George Vousden, PhD, deputy EIC of PLOS ONE, was the next speaker. He explained why PLOS ONE developed a policy on helicopter research—the journal has a global author and reader base, both of which could be affected by helicopter science, and the journal strives to achieve inclusivity, choice, credit, and transparency. Additionally, PLOS ONE published a clinical trial that was conducted without local authors—calls for retraction were made, but because the journal didn’t have a policy yet, it was difficult to heed those calls. In researching how other journals addressed helicopter research, PLOS ONE realized that few journals had policies on this issue. Dr Vousden also acknowledged that it’s challenging for journals to immediately impact research practices around helicopter science; when a manuscript has been submitted to a journal, the opportunity has already passed to engage with the local community.

In developing its policy, PLOS ONE consulted those affected by helicopter research, as well as representatives from various disciplines, including public health, medicine, and environmental studies, among others. The journal then developed a set of questions that authors complete at the revision stage to help staff and editors detect helicopter research, with the policy2 applying when the last or corresponding author is from a different country or community than where the research was conducted. Dr Vousden then gave an example of the policy in action. He shared that the policy has been applied to 2% of submissions in PLOS ONE, authors have responded positively to the policy, and several other journals have since launched helicopter-research policies. Notably, eLife3 adopted PLOS’s policy in April 2023. Dr Vousden concluded his talk by explaining that combating helicopter research will take a combined effort of authors, publishers, and funders (Figure).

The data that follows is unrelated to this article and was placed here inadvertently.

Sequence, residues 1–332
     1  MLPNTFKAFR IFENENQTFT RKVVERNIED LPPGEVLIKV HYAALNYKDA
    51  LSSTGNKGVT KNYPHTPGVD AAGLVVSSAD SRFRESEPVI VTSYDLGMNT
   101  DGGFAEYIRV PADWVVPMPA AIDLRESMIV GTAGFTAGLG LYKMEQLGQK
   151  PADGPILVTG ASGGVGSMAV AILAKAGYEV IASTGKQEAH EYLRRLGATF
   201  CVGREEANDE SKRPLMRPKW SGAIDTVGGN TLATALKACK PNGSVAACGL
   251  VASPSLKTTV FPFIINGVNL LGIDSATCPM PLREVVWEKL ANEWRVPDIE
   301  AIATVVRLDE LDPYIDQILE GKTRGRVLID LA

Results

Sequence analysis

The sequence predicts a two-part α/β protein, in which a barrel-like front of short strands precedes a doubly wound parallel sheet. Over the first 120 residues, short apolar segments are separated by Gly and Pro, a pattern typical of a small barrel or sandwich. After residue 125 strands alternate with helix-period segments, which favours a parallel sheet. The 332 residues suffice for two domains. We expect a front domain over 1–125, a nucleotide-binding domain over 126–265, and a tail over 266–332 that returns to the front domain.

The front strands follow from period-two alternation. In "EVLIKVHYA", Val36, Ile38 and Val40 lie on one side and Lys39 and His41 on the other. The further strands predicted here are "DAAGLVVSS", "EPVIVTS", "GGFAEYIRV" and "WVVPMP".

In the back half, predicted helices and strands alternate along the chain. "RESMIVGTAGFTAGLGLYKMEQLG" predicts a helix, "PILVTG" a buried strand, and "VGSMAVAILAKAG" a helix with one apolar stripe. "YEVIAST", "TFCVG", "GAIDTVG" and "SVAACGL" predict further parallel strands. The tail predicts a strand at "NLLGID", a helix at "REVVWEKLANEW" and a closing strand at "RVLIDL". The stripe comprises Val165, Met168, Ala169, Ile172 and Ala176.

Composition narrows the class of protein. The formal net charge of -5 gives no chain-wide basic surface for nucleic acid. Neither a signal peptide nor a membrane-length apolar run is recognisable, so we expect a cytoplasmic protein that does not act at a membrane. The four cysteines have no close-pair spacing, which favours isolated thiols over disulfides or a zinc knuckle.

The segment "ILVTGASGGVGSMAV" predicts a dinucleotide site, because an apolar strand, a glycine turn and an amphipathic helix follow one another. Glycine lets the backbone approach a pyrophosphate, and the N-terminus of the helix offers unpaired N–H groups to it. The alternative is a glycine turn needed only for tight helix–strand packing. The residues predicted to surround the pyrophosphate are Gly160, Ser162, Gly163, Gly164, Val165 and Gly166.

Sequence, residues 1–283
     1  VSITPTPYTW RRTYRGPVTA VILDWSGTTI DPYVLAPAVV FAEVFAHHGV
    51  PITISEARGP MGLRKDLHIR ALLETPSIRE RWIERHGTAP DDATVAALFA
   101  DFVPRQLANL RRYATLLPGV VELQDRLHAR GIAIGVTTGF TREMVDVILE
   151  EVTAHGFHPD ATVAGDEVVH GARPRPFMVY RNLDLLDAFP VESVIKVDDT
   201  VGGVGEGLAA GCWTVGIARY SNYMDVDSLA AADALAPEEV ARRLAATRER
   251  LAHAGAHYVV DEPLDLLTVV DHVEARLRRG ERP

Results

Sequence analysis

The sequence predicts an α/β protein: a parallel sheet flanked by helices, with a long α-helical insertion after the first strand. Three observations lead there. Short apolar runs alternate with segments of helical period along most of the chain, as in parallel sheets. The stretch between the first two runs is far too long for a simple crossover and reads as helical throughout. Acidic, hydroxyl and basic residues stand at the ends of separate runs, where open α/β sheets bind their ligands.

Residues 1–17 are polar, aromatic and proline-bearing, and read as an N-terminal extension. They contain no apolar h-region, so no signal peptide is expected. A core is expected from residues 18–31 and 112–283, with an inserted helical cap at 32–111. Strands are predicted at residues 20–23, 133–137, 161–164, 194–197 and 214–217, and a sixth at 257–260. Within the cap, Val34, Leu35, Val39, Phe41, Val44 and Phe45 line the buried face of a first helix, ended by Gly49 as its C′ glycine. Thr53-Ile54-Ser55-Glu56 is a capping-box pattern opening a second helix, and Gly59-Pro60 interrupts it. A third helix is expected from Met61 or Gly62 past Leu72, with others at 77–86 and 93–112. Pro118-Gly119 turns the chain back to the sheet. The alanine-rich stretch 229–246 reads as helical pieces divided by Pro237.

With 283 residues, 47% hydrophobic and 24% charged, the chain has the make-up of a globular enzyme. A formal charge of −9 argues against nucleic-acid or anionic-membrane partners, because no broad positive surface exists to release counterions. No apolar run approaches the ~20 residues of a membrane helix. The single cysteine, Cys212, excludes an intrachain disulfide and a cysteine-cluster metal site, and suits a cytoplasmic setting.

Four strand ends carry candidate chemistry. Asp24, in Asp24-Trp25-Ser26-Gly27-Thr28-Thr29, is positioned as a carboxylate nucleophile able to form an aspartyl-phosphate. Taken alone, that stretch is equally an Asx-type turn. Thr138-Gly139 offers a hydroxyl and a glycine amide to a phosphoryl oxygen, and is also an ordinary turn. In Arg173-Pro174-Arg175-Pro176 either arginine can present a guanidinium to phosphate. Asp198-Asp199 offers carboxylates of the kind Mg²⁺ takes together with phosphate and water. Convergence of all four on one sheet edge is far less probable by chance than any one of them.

<b>Figure.</b> Authors, publishers, and funders will need to collaborate to combat helicopter research.
Figure. Authors, publishers, and funders will need to collaborate to combat helicopter research.